She received a college degree at the College of New Rochelle and began teaching. She was assigned to first grade in Kirkwood, Missouri. There were 40 children and not even room for a desk. That was in 1965. It was an experience in which she saw the children as a gift from God. It was very hard, but it all worked out.
Fr. Chip asked her if she misses it and she said she misses it terribly. Before she dies, she has a plan to go into first grade classes and be Sister Storyteller and tell stories of Catholic values.
Scot asked Sr. Bridget was led her to serve in Appalachia in eastern Kentucky. She’s discovered that God comes in surprises and disguises and He always has something up the Divine Sleeve. She was watching a program with Charles Kuralt on Christmas in Appalachia. She had the same experience like with the Cross: “Would you go there?” So she went to her superiors. She did the research on where she would go and then for two summers she went to Bible camps. After that she asked to go full-time. Many people had never even seen a Catholic before, but they were welcoming. Sr. Bridget and another sister ended up living in a small shed heated by a coal stove with an outhouse. No electricity, no indoor plumbing. But everybody lived that way.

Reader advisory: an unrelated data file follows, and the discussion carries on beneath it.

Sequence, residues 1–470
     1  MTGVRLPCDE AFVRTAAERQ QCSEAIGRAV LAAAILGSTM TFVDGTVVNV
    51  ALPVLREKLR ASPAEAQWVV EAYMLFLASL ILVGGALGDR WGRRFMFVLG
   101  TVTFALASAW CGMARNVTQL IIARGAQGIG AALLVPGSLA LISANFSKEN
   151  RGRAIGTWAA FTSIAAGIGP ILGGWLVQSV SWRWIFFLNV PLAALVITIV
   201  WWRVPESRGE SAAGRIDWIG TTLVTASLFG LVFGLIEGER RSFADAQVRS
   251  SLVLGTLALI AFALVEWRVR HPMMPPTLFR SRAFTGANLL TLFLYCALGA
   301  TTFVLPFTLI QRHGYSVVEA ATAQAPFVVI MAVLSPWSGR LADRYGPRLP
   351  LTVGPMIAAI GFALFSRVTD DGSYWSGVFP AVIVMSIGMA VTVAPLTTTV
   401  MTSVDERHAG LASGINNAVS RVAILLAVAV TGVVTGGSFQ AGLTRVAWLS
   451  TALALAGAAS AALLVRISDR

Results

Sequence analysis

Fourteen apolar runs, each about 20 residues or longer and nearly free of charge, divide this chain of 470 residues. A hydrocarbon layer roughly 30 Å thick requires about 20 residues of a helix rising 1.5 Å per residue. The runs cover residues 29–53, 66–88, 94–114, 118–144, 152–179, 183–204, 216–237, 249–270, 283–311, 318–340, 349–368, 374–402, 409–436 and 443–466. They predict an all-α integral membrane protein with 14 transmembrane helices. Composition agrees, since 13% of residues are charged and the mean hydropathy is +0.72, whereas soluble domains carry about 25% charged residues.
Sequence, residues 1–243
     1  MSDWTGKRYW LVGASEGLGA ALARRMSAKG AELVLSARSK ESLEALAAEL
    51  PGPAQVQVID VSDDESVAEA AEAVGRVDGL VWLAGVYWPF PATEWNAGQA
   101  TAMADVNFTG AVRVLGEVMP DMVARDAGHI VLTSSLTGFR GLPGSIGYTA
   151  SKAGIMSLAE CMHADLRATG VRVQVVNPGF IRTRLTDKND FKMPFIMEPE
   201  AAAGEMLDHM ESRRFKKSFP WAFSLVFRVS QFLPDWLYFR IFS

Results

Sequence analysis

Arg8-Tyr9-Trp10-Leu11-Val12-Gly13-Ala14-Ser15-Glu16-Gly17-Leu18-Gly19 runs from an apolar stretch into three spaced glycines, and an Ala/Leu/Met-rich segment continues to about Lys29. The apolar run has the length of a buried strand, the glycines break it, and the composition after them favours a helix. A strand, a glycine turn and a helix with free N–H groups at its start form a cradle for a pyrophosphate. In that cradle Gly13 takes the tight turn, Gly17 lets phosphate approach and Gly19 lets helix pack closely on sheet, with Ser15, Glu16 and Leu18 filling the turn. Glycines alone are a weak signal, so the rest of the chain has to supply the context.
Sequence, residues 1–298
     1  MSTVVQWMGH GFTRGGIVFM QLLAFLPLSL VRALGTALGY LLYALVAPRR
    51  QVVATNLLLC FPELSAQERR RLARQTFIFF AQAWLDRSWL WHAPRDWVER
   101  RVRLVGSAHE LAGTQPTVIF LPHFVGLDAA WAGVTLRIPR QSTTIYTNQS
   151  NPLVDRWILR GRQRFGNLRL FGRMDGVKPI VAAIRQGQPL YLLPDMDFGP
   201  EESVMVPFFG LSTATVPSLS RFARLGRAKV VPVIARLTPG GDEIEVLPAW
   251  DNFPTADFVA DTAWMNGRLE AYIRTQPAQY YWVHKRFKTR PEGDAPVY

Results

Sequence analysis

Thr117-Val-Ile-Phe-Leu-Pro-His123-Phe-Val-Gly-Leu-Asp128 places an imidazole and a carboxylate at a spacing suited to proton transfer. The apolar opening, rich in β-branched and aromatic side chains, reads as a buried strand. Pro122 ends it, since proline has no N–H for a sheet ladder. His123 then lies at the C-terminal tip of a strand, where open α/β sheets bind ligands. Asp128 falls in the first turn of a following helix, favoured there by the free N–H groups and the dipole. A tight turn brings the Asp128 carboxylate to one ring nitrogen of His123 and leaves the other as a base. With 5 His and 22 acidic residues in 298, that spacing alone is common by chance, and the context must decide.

They lived next door to a gentleman, Bird Bradley, who became a spiritual mentor. One day she came home from school and found he had lined the outhouse with squirrel skin fur from squirrels he’d trapped. He said it was to keep them warm in the outhouse on cold days. Another time, he was sitting under a tree and Sister asked him if he ever got lonely. He looked shocked and said, “When a man has a stout chair, a good chew of tobacco, and knows that he has God on his side, how can a man be lonely?” When we are in touch and focused on God, how can we be lonely.
Years later, as she was preparing to go to another mission, she asked him what she would do if he died while she was gone. He said, “Don’t go crying. I’ll be setting purty up on top of the hill. But look here” and touched his arm “this is where I live now, but when I die I will be in a new house and there will always be room for you there.” Sr. Bridget in her five years in Appalachia came to know that we are all of us children of God.